Comments about this page

I'd like to have known the exact location of the depicted scenes. Although I was born in the 1920s at Moulsecoomb, and lived at Newick Road for 21 years, I fail to recognise any of the places shown. It would be satisfying to know just where, and know how much some parts have changed.
Any chance of advising, Benjamin?

By Ron Spicer (15/08/2008)

Hi Ron the first pic is from the footpath from Medmerry Hill overlooking Bevendean Crescent and just to the right (if it helps) is Tony Morris's post office / shop. The second and third are from Tony Morris's shop door looking towards the seafront. The third I am not sure - looks like he was taking the photo from a house possibly looking out on the Downs.

By Tony Dyke (25/09/2008)

Yes, I was taking the picture from outside my cousin's house overlooking the Downs and the first three were panoramic views of Brighton from Medmerry Hill.

By Benjamin Caine (26/10/2008)

Thanks Tony and Ben. I hadn't a clue but now can see! I last was in that area about about 50 years ago.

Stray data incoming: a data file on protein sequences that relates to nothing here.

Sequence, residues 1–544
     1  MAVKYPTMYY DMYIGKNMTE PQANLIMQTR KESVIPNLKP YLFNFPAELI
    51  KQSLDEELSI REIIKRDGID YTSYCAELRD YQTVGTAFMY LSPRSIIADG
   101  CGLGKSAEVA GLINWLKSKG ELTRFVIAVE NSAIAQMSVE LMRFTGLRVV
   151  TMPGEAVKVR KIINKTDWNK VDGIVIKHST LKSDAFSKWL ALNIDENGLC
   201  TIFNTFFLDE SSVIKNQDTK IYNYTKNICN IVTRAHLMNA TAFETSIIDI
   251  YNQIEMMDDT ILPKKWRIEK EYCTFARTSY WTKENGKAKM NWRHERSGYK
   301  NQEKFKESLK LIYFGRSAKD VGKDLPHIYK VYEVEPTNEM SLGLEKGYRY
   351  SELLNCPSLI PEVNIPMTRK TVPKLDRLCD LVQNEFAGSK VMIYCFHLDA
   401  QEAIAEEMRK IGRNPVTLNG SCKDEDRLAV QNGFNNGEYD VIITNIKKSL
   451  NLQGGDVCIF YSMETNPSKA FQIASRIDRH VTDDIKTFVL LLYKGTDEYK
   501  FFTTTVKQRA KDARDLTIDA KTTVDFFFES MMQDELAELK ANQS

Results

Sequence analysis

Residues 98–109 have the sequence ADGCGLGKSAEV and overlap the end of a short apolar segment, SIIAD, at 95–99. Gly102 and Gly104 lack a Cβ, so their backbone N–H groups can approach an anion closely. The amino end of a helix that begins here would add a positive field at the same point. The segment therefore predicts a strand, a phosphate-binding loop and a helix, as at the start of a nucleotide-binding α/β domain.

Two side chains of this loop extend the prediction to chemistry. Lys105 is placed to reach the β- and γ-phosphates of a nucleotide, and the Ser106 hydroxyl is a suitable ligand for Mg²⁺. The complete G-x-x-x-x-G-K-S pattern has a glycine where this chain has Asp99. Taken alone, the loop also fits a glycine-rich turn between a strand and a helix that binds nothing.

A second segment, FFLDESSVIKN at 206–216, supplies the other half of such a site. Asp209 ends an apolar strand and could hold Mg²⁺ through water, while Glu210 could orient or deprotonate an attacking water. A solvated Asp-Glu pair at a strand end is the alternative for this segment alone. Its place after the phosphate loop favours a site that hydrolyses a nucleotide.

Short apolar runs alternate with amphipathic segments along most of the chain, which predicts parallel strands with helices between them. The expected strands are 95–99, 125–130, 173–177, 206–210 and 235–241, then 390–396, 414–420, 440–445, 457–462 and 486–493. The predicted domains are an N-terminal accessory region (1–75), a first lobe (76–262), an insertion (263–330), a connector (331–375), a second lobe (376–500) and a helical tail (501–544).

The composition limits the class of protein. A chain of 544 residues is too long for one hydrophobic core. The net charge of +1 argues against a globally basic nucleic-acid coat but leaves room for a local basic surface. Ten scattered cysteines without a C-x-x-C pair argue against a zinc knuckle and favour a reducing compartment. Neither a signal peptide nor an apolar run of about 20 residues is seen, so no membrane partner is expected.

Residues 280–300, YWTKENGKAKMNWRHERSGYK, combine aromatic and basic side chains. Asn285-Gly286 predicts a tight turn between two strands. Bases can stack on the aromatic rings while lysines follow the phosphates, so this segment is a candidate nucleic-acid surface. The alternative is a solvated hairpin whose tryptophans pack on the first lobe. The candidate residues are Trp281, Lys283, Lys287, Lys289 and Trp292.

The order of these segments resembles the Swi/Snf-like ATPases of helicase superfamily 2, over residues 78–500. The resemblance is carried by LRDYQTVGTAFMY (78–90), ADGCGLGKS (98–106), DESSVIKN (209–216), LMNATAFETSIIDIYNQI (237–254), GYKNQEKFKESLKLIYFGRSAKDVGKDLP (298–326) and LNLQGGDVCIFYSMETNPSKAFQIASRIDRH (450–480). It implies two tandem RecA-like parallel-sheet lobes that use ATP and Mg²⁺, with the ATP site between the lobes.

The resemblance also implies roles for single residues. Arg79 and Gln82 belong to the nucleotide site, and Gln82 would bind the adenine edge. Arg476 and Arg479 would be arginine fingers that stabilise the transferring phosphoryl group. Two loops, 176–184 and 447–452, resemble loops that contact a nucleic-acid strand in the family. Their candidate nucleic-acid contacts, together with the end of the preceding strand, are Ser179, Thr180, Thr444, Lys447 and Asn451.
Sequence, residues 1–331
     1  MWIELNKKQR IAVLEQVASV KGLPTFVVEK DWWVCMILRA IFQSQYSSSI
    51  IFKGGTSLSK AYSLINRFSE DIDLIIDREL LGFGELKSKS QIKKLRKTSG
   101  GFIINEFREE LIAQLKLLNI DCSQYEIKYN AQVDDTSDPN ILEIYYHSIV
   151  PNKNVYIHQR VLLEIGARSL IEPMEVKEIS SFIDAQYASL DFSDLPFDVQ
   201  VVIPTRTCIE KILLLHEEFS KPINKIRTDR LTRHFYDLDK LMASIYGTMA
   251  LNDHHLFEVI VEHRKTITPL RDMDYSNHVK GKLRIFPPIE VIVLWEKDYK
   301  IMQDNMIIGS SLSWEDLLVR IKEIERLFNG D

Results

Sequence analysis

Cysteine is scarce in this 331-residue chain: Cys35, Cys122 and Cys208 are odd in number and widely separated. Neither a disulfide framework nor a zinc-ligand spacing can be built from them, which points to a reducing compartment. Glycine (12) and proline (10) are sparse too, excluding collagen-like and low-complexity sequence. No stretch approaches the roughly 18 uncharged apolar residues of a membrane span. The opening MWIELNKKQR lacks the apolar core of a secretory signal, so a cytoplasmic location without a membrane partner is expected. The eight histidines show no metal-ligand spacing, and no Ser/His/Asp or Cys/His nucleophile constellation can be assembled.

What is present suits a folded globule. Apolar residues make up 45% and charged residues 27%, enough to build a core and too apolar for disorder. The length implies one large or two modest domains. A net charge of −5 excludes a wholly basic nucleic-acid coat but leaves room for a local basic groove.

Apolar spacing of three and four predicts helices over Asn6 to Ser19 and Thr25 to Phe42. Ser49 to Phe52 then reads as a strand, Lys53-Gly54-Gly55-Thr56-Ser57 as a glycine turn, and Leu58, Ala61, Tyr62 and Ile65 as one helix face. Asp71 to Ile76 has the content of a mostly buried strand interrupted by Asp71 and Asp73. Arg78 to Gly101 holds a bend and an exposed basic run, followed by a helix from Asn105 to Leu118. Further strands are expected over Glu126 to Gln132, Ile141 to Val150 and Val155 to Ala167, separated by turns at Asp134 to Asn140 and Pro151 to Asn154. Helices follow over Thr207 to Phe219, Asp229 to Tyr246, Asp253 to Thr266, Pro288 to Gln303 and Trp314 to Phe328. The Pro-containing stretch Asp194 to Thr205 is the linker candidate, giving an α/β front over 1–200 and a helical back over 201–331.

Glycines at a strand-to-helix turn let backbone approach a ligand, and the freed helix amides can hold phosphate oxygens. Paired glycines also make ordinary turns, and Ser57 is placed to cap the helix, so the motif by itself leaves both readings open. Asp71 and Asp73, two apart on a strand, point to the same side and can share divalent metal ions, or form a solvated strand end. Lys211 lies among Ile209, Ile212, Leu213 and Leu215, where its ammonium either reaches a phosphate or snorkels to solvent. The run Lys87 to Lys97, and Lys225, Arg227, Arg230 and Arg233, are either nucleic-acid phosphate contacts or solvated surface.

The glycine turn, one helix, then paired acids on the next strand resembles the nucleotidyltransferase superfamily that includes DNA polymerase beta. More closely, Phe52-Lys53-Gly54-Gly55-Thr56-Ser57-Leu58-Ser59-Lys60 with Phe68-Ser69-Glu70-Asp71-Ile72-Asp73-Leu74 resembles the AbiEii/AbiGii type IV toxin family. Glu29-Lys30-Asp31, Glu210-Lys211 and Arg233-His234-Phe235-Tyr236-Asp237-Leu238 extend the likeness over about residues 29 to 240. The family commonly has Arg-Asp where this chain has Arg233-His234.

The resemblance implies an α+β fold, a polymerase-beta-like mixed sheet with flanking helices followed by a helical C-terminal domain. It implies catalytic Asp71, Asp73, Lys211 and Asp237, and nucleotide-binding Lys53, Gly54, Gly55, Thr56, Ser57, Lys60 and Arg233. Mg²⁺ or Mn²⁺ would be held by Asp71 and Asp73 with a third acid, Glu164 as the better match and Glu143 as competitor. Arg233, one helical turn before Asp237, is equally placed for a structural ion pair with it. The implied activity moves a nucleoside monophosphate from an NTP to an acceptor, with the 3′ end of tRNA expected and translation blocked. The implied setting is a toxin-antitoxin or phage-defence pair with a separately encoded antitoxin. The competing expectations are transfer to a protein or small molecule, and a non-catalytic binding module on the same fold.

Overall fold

By Ron Spicer (14/10/2009)

In my early thirties, I left Brighton (about 1976) after being born and raised in Moulsecoomb. I recognised the view in the pictures but haven't things changed and sadly not for the better? Visit that area back in the 60's and in the make up of the shops you had a post office, a ladies hairdresser, a greengrocer (Mum worked there) a butcher, a baker (Goldsmiths, I was at school with the young daughter, Rosemary), a chemist and a cobbler, all thriving. Of course there was a newsagent and tobacconist also. Now there is a grocery store and a couple of other shops. I made my first return pilgrimage from New Zealand to Moulsecoomb in 2006. Sadly the atmosphere had gone and those friendly shops where the assistants knew every customer's name are no longer. My mother lived in the same house in Hodshrove Road for nearly seventy years, it wasn't a part of her life, it was her life. She is no longer with us but I must confess my return visits to the town of my birth, were hollow. In all fairness it must be said that in the early days my parents had nothing, oddly, just like the people who lived next door, in fact just like everyone on the estate, these were the dark days just after the war. The strange thing being, everyone seemed very happy, in many ways they were better off, as Moulscoomb was a thriving, happy community. Poor? Definitely, but happy. On my four return visits it was very noticeable it was the community that was missing, and it made such a difference. In this new millennium Mum didn't know the names of four people who lived in the road, in those far off days she could have named every resident, their children and their pets. People had time for each other, they made time for each other. On occasions progress comes at an unacceptable cost, and I don't mean rate payer's money.

By Robin Hutchinson (15/08/2011)

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